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LMS Route: Rugby to Wolverhampton

LMS Route: Birmingham New Street to Lichfield

LMS Route: Birmingham New Street to Soho and Perry Barr

Curzon Street Good Station: lnwrcs2162c

Part of an 1888 diagrammatic plan of Curzon Street Goods Station showing the sidings and warehouses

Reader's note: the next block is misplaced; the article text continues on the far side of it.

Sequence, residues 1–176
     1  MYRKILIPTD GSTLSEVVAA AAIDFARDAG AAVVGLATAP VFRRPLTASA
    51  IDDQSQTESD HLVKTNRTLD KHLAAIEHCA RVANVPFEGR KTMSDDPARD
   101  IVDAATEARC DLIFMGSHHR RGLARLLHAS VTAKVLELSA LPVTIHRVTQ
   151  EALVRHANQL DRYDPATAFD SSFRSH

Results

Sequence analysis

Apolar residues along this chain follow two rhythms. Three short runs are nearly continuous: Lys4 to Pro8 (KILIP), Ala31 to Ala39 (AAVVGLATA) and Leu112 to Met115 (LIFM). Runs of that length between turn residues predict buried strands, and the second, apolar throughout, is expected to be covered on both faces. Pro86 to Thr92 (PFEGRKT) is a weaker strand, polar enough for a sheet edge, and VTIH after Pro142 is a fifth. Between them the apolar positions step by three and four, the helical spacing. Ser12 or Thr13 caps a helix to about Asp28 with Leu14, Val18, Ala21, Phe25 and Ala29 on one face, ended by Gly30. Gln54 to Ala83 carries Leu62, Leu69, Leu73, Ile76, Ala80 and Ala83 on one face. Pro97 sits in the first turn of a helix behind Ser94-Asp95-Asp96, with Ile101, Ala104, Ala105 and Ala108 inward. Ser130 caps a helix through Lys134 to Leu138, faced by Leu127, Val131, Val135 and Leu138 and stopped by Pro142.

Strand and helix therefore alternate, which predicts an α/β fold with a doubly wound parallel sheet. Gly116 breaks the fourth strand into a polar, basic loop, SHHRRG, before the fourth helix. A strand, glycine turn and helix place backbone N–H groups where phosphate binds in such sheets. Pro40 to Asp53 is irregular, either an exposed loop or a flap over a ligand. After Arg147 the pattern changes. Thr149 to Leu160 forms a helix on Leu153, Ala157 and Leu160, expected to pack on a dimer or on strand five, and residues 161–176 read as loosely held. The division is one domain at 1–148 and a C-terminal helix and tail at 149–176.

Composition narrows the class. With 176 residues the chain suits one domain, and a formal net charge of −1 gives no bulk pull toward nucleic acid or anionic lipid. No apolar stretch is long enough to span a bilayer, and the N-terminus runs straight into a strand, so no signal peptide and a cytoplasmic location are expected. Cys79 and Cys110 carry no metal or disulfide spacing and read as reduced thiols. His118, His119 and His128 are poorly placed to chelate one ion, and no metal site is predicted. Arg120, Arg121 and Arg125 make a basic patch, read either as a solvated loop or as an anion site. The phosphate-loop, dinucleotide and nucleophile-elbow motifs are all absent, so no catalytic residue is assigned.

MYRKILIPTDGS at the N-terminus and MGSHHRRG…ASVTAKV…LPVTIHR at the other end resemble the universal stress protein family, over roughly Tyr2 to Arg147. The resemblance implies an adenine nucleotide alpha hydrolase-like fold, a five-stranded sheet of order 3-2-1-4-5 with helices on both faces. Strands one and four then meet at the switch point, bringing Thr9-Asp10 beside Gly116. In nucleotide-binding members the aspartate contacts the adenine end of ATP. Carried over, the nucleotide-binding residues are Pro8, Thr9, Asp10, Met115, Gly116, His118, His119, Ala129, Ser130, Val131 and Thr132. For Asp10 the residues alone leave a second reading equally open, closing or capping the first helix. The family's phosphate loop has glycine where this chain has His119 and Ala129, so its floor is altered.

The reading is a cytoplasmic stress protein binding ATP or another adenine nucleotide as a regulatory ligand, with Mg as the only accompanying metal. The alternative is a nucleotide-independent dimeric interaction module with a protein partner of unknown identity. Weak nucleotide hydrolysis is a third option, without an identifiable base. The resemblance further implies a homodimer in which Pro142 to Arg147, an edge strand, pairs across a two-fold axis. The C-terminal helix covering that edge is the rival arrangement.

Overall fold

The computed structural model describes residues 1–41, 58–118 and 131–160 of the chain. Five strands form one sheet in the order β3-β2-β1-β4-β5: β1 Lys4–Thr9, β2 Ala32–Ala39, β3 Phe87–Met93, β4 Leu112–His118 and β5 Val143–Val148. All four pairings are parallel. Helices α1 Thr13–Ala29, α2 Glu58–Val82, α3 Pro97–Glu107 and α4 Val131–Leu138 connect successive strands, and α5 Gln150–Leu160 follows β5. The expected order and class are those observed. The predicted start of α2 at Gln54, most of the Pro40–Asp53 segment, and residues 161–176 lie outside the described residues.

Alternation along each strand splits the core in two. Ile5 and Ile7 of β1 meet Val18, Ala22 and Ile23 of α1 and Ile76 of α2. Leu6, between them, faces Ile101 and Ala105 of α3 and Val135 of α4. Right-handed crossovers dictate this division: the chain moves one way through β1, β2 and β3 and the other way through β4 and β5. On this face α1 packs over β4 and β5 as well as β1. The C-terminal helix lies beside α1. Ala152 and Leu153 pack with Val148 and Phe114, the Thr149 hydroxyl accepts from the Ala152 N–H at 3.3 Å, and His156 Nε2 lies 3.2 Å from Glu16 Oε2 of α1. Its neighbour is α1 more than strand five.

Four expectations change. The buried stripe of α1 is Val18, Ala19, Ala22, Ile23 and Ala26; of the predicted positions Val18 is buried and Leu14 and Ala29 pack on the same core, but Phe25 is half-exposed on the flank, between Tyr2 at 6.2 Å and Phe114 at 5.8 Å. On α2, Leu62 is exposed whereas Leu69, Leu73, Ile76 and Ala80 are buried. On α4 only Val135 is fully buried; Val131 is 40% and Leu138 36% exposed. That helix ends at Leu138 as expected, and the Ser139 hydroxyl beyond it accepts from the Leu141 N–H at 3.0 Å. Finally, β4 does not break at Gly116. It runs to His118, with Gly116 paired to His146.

Part of an 1888 diagrammatic plan of Curzon Street Goods Station showing the sidings and warehouses. The main warehouse was effectively built by in-filling between the platforms of the original L & B station to form a large open deck with some of the sidings extending inside the building. The former GJR station's two platforms, which were staggered, formed the basis of the Copper and Spelter shed and the grain warehouse. Top right is Curzon Street's Excursion Station erected on the site of the former cattle siding and landing. Bottom right is Top Yard which during this period was very much centered on the distribution of potatoes and acted as Birmingham's de facto potato market until Smithfield Market was opened. Between 1870 and 1900 the number of potato merchants operating out of Curzon Street was as follows: 1870 - 6; 1880 - 10; 1890 - 7; and 1900 - 1; by 1910 it was recorded that there were no potato merchants left trading out of Curzon Street. Four merchants were present for most of this period. John Marshall was trading from 1870 to 1900, Messrs. Charles Finchett and Messrs. Benjamin Hartley both traded from 1870 to 1890 whilst William Taylor also traded from 1870 to 1890 although it was in partnership as Taylor and Wright in 1880 and 1890.

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